Wednesday, January 2, 2008

kenya continued

A Kenyan friend from my travels this fall sent out this note earlier today...

Dear Beloved Brethren,
New Year Greetings to everyone. Please allow me to appreciate those of you who have been praying with us. So far, my family and I are fine. I have also checked with our church members and ministry partners from across the country and no victim yet, except for one brother who has been in hiding since December 30th.

I have been trying to reach him on phone but have not succeded. This morning, I received a call from him and I thank God for him that he is alive. I suspect he has not had anything to eat since then so I'll be monitoring the situation.

Beloved of the Lord, the situation here is so uncertain we live one day at a time since no one knows what is likely to happen. There are no stores from where to buy food, fuel pumps are dry, transportation is difficult. From tomorrow, January 3rd, 08, things could go out of hand especially in Nairobi where there is likely to be a face off between the police and the supporters of ODM.

In closing, let me request for your continued prayers for our motherland Kenya. Innocent blood has been spilled, inocent people have died, children all over the country are crying for lack of food, they do not understand what is happening, people are going hungry and are living in fear of uncertainty, women have been raped as people continue to lose their lives. In God's merciful hands and care, we the people of Kenya entrust ourselves and I appeal to our brothers and sisters out of Kenya to stand with us in prayers. Please pray with us earnestly and sincerely for God's divine intervention to prevail upon the situation.

Tuesday, January 1, 2008

more from kenya

Here's a link to the blog of Adele who lives in Eldoret, Kenya, though she's apparently not there right now. I was supposed to connect with her while I was in Kenya, but those plans fell through, so I never made it to Eldoret.

Lisette is blogging from Tenwek Hospital, where I spent two weeks.

Trena is a college friend of mine who's headed to Kenya sometime early this year. She's been in touch with some of her Kenya friends and has posted some updates as well.

Here are a couple news articles:
"Kenya church fire kills 50 who fled mob"

"Kenyans burned to death in church"

Mathere slum, one of the places experiencing violence, is a place I visited while I was in Nairobi. There are photos of it under the "photo posts" and "kenya" labels.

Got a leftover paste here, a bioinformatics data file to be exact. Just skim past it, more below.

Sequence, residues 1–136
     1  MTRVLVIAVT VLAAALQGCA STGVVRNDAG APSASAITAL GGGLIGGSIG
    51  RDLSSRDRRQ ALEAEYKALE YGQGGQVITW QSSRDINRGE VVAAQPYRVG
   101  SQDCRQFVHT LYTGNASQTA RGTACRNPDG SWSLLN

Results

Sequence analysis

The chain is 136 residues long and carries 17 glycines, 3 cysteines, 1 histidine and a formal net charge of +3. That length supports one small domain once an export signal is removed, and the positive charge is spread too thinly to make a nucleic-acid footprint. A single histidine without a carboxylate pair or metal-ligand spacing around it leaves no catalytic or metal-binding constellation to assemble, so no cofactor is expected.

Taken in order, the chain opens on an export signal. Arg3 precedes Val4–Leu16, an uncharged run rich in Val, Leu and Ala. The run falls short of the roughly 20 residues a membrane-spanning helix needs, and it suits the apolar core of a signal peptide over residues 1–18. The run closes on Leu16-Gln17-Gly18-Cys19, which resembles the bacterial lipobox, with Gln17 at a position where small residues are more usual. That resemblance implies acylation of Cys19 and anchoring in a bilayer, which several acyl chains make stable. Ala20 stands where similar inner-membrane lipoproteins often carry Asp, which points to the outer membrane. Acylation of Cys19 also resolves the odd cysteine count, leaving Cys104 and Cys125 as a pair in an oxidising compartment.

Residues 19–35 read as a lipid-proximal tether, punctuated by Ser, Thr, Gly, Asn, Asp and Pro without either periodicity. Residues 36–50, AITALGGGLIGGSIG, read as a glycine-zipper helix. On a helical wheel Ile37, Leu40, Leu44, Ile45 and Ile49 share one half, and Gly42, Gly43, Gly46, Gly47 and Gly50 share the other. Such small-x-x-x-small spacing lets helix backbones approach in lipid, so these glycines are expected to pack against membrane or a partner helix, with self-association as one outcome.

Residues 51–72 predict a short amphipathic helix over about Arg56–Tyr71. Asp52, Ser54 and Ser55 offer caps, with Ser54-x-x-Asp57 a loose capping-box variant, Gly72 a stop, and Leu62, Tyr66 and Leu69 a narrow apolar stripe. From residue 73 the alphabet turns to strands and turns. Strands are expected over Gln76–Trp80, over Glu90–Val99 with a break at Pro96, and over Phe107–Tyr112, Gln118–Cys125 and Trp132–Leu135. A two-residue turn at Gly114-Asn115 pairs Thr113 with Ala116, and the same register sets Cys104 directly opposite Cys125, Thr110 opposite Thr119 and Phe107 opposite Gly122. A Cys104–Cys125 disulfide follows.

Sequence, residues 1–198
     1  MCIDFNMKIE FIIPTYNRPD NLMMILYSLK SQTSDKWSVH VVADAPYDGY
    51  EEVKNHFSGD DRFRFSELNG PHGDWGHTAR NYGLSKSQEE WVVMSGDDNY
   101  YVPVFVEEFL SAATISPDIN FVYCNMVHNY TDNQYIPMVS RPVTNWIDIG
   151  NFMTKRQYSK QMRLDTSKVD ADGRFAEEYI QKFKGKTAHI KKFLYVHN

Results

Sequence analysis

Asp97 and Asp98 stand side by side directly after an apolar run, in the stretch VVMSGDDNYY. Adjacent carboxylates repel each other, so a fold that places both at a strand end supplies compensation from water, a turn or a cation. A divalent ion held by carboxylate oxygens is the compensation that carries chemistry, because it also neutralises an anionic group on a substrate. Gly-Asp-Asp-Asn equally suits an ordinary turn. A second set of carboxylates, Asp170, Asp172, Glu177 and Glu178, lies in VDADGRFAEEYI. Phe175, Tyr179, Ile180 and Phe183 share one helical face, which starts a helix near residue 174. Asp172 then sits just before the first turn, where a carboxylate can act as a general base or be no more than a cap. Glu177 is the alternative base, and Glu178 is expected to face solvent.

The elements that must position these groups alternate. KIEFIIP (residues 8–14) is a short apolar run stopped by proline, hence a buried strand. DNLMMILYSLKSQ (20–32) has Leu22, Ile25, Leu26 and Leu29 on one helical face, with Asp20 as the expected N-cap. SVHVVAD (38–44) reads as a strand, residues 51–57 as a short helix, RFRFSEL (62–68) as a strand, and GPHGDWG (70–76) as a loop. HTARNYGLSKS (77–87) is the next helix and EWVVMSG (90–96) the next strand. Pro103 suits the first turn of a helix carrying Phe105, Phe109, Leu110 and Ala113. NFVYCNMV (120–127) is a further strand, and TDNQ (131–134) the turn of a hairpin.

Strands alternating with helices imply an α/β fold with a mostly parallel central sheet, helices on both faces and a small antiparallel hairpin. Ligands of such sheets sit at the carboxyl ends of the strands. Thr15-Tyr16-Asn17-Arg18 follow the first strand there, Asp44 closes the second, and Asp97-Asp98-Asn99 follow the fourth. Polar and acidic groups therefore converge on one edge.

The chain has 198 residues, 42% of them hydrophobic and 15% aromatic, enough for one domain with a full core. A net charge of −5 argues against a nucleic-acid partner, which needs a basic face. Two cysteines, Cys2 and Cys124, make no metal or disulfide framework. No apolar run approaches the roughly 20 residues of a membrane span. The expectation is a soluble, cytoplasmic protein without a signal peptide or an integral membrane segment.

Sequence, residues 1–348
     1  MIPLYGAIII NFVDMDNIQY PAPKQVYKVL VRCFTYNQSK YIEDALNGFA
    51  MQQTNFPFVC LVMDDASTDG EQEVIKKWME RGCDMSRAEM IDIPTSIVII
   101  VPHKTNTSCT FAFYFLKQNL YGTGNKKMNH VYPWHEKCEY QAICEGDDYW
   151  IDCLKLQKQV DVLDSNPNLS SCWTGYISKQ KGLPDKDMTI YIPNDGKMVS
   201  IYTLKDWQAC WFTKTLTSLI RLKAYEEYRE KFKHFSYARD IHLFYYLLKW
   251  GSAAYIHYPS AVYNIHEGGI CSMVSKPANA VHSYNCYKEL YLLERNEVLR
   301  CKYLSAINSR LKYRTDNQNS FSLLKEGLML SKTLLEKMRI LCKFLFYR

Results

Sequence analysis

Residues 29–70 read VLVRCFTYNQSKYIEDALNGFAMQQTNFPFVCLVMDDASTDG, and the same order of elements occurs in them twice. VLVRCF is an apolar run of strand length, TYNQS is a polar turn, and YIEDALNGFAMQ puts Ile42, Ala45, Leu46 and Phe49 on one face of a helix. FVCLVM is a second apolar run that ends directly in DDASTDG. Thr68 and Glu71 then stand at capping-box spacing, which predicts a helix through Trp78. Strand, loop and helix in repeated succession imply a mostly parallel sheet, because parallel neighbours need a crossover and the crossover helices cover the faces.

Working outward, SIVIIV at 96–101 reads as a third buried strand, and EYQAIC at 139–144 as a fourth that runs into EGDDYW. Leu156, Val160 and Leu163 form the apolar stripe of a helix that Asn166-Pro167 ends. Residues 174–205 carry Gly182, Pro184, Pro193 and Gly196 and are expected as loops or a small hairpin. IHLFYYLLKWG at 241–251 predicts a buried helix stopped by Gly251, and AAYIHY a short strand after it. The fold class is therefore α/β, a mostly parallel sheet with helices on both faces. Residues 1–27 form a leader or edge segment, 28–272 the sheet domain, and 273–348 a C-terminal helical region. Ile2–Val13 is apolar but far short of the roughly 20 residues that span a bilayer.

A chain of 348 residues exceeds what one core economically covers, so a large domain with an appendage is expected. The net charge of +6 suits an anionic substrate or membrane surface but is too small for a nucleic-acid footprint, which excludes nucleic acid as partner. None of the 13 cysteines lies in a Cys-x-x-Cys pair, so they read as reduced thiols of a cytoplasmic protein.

Please pray for the people of Kenya, pray that a desire for power won't keep leaders from working together to quell instead of incite violence, that tribal tensions will ease, that no more lives will be lost.

where in the world did 2007 go?

Or perhaps I should say, Where in the world did I go in 2007? As the clock launches us into a new year, I find myself wondering, Where in the world will I go in 2008?

After spending Christmas week with my siblings and their families, I've traveled with my parents back to their home in Kansas. It's good to be here and to feel like it's the closest I've currently got to a physical home. Even though I didn't grow up in this house and don't know which kitchen cupboard holds glasses and which one holds bowls, at least the bowls and glasses inside the cupboards are the ones I grew up drinking and eating out of.

I've unpacked my clothes, and tomorrow I'll start sorting through files and bills and other fun things. Nothing like celebrating the arrival of a new year with file folders! Yippee!

This is a thick time of life. There's so much opportunity, yet so much to be done in order to capitalize on it. There are so many unknowns, yet I don't want to rush too quickly through to the other side of them, back into the known (though my life tends to linger mostly in the unknowns even when things are in order).

I'm glad for the short days this time of year and glad that we get to live in Advent and Epiphany during the dark, cold season, in contrast to my African friends. Somehow those conditions outdoors are good for cozy reflection and prayer indoors.

It's been good to be with family, to have them ask me about my travels, my impressions, my experiences. It's good to talk about it. Yet, I understand somewhat what some of my missionary friends in Africa said about how hard it is to explain things to people, how hard it is for people who've never been to Africa to understand stories about Africa. But I guess that's probably true of anywhere.

Now that I've reached a place I'll get to sit still in for a little while (though this month is sure to speed by faster than I was when I got my last speeding ticket ;-) ), I'm able to better feel the yearning to go back to Africa some day, more than once and hopefully sooner than later. But, it's not time yet, and I don't yet know what will be the particular context for my return trips.

These past months have taught me some good and important things about the vocation and calling God's made me for. But, pieces of those lessons are still a little unclear, dangling just out of reach, not quite grasp-able. I look forward to taking the steps to reach those dangling things.

One of the little things I can do in the aftermath of my Africa months is pray for and with new friends across the ocean. It's challenging to stay informed sometimes, but it helps when I get emails from folks in Kenya asking us to pray for their country. More than one of the countries I visited during my travels was gearing up, like the U.S., for presidential elections. Kenya is the first of those countries to hold their elections. Many were hopeful that Kenya could be a model for fair and peaceful elections and governmental transition. However, that hope hasn't been met positively. Please join our Kenyan brothers and sisters in praying for their country, for an end to the chaos that has erupted following the vote counting, for tribalism not to divide people, for truth and peace.

May 2008 be a year that God's grace and truth and mercy are newly absorbed by places and people that have dark histories.